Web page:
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Mark Sherriff

Mark Sherriff

Associate Professor of Computer Science

Office: Rice Hall, Room 401
Phone: (434) 982-2688
Fax: (434) 982-2214
Email: sherriff@virginia.edu
Home Page: Mark Sherriff

Department of Computer Science
School of Engineering and Applied Science
University of Virginia
85 Engineer's Way, P.O. Box 400740
Charlottesville, Virginia 22904-4740

Areas Of Interest

Computer science education, video game design, software engineering, mobile computing

Biographical Sketch

Mark Sherriff received his BS in Computer Science from Wake Forest University in 2002 and his MS and PhD from NC State University in 2004 and 2007. He joined the Department of Computer Science at UVa in the fall of 2007. Mark has won numerous teaching awards, including the 2016 IEEE Computer Society Computer Science and Engineering Undergraduate Teaching Award, the 2014 UVa All-University Teaching Award, and the 2010 inaugural Hartfield-Jefferson Scholars Teaching Prize. He is active in the computer science education research community, publishing papers at SIGCSE, CSEE&T, and FIE on project-based learning techniques, game design, and empirical CSEd. Mark started the Game Design Research Group at UVa, which does work on gamification techniques in classrooms and learning experiences from middle school up through the university level. He serves on the undergraduate curriculum committees of the CS department and the School of Engineering and Applied Science. While completing his dissertation, he worked as a software engineer at IBM, performing research in guiding verification and validation efforts.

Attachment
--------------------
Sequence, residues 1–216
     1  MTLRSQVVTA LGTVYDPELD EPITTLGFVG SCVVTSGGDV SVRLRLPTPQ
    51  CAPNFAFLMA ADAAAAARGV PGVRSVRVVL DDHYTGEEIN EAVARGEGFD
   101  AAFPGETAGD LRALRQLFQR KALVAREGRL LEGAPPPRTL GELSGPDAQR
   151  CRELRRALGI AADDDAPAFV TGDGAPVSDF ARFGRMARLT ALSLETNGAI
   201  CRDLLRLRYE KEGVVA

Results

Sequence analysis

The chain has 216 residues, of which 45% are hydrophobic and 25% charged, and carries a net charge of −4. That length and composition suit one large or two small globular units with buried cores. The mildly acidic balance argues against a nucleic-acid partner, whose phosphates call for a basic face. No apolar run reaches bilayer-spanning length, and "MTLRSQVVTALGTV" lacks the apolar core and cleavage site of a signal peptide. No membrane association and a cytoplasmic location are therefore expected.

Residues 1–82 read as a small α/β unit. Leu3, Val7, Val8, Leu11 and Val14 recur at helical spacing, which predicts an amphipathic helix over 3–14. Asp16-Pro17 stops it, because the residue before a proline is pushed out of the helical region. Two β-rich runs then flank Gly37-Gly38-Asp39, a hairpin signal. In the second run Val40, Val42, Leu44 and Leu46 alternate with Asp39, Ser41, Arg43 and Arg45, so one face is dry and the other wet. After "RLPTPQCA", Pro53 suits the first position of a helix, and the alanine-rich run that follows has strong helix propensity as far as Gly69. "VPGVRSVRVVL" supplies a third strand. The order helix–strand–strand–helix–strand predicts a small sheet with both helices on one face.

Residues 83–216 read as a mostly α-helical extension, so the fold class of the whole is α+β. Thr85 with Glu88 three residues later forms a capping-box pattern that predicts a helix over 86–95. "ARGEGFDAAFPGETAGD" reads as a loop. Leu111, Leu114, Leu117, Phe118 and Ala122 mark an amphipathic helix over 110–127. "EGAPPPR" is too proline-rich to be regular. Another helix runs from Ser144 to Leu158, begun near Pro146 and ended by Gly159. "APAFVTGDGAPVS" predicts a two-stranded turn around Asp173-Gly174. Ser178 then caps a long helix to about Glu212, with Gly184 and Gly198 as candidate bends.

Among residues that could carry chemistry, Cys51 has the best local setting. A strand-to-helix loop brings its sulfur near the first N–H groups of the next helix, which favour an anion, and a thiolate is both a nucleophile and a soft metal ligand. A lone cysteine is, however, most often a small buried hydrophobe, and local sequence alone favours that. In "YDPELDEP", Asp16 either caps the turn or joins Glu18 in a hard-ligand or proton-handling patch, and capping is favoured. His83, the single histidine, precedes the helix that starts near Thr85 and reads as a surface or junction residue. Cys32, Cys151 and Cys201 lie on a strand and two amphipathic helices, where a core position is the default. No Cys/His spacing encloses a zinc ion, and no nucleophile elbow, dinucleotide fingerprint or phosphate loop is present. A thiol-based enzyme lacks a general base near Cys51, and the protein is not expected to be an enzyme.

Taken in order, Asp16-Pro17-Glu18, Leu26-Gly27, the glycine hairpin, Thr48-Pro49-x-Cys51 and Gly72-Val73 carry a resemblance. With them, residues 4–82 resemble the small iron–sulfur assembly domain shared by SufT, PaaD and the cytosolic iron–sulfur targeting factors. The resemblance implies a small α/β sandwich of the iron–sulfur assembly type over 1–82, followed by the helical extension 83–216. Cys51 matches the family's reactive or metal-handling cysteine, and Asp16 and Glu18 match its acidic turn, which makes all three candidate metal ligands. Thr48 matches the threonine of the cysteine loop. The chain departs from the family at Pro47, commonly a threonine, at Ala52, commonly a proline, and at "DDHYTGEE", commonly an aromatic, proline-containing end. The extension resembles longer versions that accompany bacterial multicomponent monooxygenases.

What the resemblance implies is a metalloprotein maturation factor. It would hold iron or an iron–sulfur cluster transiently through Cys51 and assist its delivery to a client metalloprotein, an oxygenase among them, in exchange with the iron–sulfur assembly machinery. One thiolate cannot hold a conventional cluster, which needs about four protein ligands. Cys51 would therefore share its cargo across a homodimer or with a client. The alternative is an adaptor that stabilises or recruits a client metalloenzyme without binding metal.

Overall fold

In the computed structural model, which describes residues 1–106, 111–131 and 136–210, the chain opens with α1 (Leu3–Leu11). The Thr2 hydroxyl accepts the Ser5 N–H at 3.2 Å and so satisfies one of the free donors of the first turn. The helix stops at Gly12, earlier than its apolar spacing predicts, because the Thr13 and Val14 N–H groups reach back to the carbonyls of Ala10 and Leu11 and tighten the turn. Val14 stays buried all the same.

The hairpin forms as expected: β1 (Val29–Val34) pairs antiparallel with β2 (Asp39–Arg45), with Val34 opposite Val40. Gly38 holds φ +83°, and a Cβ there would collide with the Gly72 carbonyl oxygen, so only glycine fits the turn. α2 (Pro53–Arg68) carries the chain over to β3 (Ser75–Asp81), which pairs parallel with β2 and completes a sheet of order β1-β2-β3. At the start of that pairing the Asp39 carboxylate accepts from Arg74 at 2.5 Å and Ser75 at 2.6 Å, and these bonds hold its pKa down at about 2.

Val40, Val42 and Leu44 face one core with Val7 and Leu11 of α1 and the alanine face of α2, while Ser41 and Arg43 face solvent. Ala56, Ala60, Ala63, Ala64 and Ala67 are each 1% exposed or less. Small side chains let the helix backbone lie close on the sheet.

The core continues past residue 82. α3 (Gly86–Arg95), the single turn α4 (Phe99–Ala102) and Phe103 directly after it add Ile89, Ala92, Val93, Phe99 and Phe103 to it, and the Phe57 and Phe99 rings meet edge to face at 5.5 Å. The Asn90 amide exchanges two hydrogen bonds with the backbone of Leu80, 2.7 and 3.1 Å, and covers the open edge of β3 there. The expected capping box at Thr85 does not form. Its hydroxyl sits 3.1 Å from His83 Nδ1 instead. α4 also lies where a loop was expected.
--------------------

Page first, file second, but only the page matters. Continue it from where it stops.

Research

Sherriff's research interests are in the empirical evaluation of computer science teaching methodologies and practices and game design. His recent work includes evaluating methodologies for teaching both introductory and upper-level CS courses and in using gamification to motivate students. His dissertation work in software engineering focused on using singular value decomposition with software development artifacts to highlight relationships within software systems. These relationships are based upon empirical records of system development and maintenance and can describe the evolution of the software system.

Selected Publications

  • Sherriff, M. and Floryan, M. "Achievement Unlocked: Investigating Which Gamification Elements Motivate Students." The 123rd ASEE Annual Conference and Exposition, New Orleans, LA, June 24-27, 2016. [PDF]
  • Al-Zubidy, A., Carver, J., Heckman, S., Sherriff, M. "A (Updated) Review of Empiricism at the SIGCSE Technical Symposium." The 47th ACM Technical Symposium on Computer Science Education, Memphis, TN, Mar 3-6, 2016. [PDF]
  • Bloomfield, A., Sherriff, M., and Williams, K. "A Service Learning Capstone Practicum." The 45th ACM Technical Symposium on Computer Science Education, Atlanta, GA, Mar 5-8, 2014. [PDF]
  • Layer, R., Sherriff, M., and Tychonievich, L. "Inform, Experience, Implement - Teaching an Intensive High School Summer Course." The 42nd Annual Frontiers in Education (FIE) Conference, Seattle, WA, Oct 3-6, 2012. [PDF]
  • Sherriff, M. "Teaching Web Services and Service-Oriented Architecture using Mobile Platforms." The 40th Annual Frontiers in Education (FIE) Conference, Washington, DC, Oct 27-30, 2010. [PDF]